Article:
People in your local economy consume a lot of wheat, and that wheat is imported from US. They pay for it in Monero, but those Monero get converted in USD so that the wheat producer can pay salaries, bills and other expenses in the US, where USD is legal tender. Once the wheat producer has sold the Monero they received and got dollars in return, the total supply of Monero has increased, while demand has stayed the same. This drives the price of XMR-USD down, which means you can buy more Moneros with the same dollar amount.

How can you stop this? You produce wheat in the Monero community and consume it there. Let’s see what happens if you do that. Your people buy wheat from the wheat producer inside the community with Monero, the wheat producer pays for their cost of doing business with Monero, so there is really no change in supply or demand for Monero versus other currencies. A potential consequence for this might be even a reduction of supply or increased demand of Monero, as there is less Monero available for foreign exchange, therefore driving the XMR-USD and other pairs up – meaning for every dollar, you can buy less and less Monero. And that’s a good thing for the Monero community, it increases the value of their currency and economy.

If you go a step further and produce goods and services beyond what your people can consume and based on external demand, then the supply reduction / demand increase of your currency is accelerated. Let’s use the wheat example again. If the wheat producers of the Monero community satisfy all the wheat demand locally and have surplus they export to other countries, let’s say Russia, so we can use the ruble, then there are goods flowing out of the zone. The wheat is paid for in Ruble and the local wheat producers exchanges those Rubles for Monero, as they need local currency to pay salaries, bills and other expenses. The ruble drops, the Monero increases, so next time the same ton of wheat will be worth more rubles for the same Monero amount. The supply of Monero decreases and the supply of ruble increases, making it more expensive to buy wheat from Monero community members.

Let’s go a step further and remove all fiat from the story. Here’s how it sounds now:

People in your local economy consume a lot of wheat, and that wheat is imported from the Bitcoin community. They pay for it in Monero, but those Monero get converted in Bitcoin so that the wheat producer can pay salaries, bills and other expenses in the Bitcoin community, where BTC is considered tender. Once the wheat producer has sold the Monero they received and got Bitcoin in return, the total supply of Monero has increased, while demand has stayed the same. This drives the price of XMR-BTC down, which means you can buy more Monero with the same Bitcoin amount.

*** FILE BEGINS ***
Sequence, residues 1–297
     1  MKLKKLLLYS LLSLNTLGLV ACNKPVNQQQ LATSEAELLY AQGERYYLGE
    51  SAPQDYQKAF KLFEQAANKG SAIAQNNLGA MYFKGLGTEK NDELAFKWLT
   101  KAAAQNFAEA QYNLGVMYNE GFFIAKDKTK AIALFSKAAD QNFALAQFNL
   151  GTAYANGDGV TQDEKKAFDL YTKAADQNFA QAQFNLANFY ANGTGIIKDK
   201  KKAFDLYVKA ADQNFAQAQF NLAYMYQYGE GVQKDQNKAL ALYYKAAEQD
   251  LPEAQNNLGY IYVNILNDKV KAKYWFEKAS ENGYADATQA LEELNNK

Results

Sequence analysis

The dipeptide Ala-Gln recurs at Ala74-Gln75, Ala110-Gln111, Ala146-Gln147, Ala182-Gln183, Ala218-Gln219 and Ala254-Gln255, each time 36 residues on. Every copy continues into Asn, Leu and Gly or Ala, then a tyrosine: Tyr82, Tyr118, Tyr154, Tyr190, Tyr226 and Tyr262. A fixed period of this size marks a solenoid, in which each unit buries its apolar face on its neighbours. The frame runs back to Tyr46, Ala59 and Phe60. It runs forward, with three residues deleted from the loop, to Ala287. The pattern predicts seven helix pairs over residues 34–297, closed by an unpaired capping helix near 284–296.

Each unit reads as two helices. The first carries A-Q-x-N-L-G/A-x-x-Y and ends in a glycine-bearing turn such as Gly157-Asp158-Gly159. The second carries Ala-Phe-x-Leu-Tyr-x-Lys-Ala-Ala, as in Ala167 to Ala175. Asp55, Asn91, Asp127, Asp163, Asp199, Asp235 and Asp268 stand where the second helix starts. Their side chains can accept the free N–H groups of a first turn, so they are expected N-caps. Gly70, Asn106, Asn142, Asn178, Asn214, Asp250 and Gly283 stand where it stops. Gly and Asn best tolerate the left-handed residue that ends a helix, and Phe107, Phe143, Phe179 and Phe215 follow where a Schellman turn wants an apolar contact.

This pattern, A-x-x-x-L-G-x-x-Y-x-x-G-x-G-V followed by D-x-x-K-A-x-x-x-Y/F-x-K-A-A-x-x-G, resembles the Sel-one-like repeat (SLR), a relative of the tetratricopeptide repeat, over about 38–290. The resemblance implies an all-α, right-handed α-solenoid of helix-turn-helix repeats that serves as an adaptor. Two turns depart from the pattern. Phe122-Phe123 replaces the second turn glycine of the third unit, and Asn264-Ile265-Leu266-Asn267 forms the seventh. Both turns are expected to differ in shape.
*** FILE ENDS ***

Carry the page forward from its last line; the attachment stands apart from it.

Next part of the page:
How can you stop this? You produce wheat in the Monero community and consume it there. Let’s see what happens if you do that. Your people buy wheat from the wheat producer inside the community with Monero, the wheat producer pays for their cost of doing business with Moner, so there is really no change in supply or demand for Monero versus other currencies. A potential consequence for this might be even a reduction of supply or increased demand of Monero, as there is less Monero available for foreign exchange, therefore driving the XMR-BTC and other pairs up – meaning for every Bitcoin, you can buy less and less Monero. And that’s a good thing for the Monero community, it increases the value of their currency and economy.

If you go a step further and produce goods and services beyond what your people can consume and based on external demand, then the supply reduction / demand increase of your currency is accelerated. Let’s use the wheat example again. If the wheat producers of the Monero community satisfy all the wheat demand locally and have surplus they export to other countries, let’s say the ZCash community, so we can use the Zcash, then there are goods flowing out of the zone. The wheat is paid for in Zcash and the local wheat producers exchanges those ZEC for Monero, as they need local currency to pay salaries, bills and other expenses. The ZEC drops, the Monero increases, so next time the same ton of wheat will be worth more ZEC for the same Monero amount. The supply of Monero decreases and the supply of ZEC increases, making it more expensive to buy wheat from Monero community members.

Cryptocurrencies are no different from classic currencies, unless we invent new ways of using them in our economies. In capitalism, the system I just described above applies and will separate the winning cryptos from the losing ones long term. The ones who are able to circularly produce and spend and attract external resources in will win, while the other ones, producing less, will owe more and more and their currency will be worth less and less, until it eventually disappears and they adopt the next ruling currency.